Ending the Inertia: Confronting the Middle-East Problem
Western governments are haunted by ghosts of the past. The memories of failed interventions in the Middle-Eastern remain etched into our collective consciousness. However, today, action is integral to securing stability. We must draw robust and credible red lines in the region, establish protected zones in Syria to mitigate the refugee crisis, and use available opportunities with more determination. The longer we avoid confronting conflicting interests of other powers, the greater the chance of failure.
Ten years ago it seemed the Bush administration had a plan for the future of the Middle East – but considering the goals portrayed after 9/11, it ended in utter failure. Today many questions remain unresolved or unanswered: Freedom and democracy for the Arab world? Apparently many stopped believing this is possible. The eradication of terrorism? Now religious extremists are truly a threat, and have even started building their own state. Development and prosperity in the Arab world? Now millions of refugees escaping war and violence in the region have begun to destabilize Europe.
Our politicians are perplexed by these developments, and if they have a plan, it can't be seen. Western governments seem trapped by the failures of the Bush strategy, apparently believing that "there are no good options". However, doing nothing could be the worst option. There is no reason to be discouraged by the failure of the Bush plan because it was clear from the beginning that it would not work out. Many won't want to hear that, but now it is time to stand up and lead us out of this misery – if not the U.S., then the E.U., or other alliances.
Putin apparently has a plan. He has stepped into the power vacuum, and is willing to take the lead in Syria. The logic of the Russian actions follows closely the concepts of the Bush plan, using brute force to crush anybody resisting the new order, but with two major differences: it is firstly not a half-hearted approach, and secondly the goal is clear and simple: keep Assad in power at any cost.
The main problem of western strategies was that they tried to achieve contradictory goals in Iraq and Afghanistan: promote freedom, but crush groups that oppose the central government. Establish democracy and civil rights, but use drones for targeted killings of suspects. Catalyze development, but collaborate with corrupt elites. This was hypocrisy and inconsequence regarding our own standards. But the problem started earlier with our perceived superiority and the messianic idea that we could bring others the benefits of civilization. We could, probably, convince others of the advantages of humanism, but not by imposing it on people whom we don't understand – and only if we live ourselves according our values.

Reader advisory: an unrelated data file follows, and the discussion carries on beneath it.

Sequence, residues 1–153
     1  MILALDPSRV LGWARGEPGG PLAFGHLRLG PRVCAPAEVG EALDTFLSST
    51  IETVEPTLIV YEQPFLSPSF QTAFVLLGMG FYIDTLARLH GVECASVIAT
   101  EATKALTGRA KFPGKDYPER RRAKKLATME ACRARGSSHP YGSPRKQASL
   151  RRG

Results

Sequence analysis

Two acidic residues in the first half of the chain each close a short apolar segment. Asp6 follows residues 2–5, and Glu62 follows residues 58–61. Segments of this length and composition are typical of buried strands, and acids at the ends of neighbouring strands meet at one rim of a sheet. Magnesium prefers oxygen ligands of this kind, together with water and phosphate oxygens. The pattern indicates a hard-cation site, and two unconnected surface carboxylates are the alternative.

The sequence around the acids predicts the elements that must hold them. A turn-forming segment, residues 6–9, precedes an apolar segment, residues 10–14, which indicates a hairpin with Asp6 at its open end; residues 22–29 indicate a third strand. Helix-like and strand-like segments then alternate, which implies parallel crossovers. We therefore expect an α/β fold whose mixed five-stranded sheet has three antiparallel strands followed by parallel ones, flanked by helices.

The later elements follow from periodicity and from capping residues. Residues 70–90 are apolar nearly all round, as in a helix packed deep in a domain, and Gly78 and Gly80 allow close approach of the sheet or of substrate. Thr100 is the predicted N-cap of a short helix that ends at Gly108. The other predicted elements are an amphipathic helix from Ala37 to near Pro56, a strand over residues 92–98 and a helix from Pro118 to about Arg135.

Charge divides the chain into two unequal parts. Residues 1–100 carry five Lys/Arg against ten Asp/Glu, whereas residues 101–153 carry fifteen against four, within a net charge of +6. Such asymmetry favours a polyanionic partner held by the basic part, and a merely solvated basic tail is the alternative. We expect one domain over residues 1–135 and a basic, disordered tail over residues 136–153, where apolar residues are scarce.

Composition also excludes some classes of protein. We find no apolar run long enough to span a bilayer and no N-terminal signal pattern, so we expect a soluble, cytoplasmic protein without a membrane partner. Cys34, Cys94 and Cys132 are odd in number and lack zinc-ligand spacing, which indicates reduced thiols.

There are many examples to illustrate our hypocrisy and the contradictions in our policies: as much as we like freedom, what is it worth without stability? Can we educate other countries on how they should be governed? How should we deal with the 'Arab spring'? Should we respect the human rights of terror suspects, or is it acceptable to use torture in order to prevent attacks? Do we truly embrace democratic arguments, or prefer to silence critic voices by "political correctness"?
The rise of religious extremism is a direct consequence of this western hypocrisy: we are spiritually weak. But the worst problem is our negative attitude towards Islam, which might become a self-fulfilling prophecy. Many seem to have given up on Muslims and the Middle East, apparently believing that nothing can be done, and that dictatorships establishing the quietness of graveyards are better than democratic experiments. Let's be frank: demonizing Islam was useful to construct legitimacy for the invasions and occupations of Iraq and Afghanistan, but it was wrong from the beginning, and now we can't master the 'demons that we called'.
One should not advocate sending armies into the Middle East in order to fight wars that cannot be won. But – as Russia very successfully demonstrates – we can act through people and countries of the region. Symbols can be powerful but only if they are credible. We need to start believing again in our own values. Terrorism is not the outcome of a religious movement but of social, cultural, and economic conflicts. It grows where values like human rights don't count.
Right now we should draw robust and credible red lines: Russia could be an ally in the fight against the IS, but if they continue to bomb moderate groups in Aleppo, we will supply missiles to the rebels there. Establishing robust protected zones in Syria along the Turkish border could strongly mitigate the refugee crisis. We can act through Turkey, and should use available opportunities with more determination. The longer we avoid confronting the conflicting interests of other powers, the less successful negotiations will be.
Dr. Bernhard Lucke is a researcher working at FAU Erlangen-Nürnberg in the fields of soil geography and environmental change. He has spent many months of field research in various Middle Eastern countries, and spent a year teaching at the German Jordanian University in Amman. As well, he studied at Penn State University in the framework of a Fulbright Scholarship.
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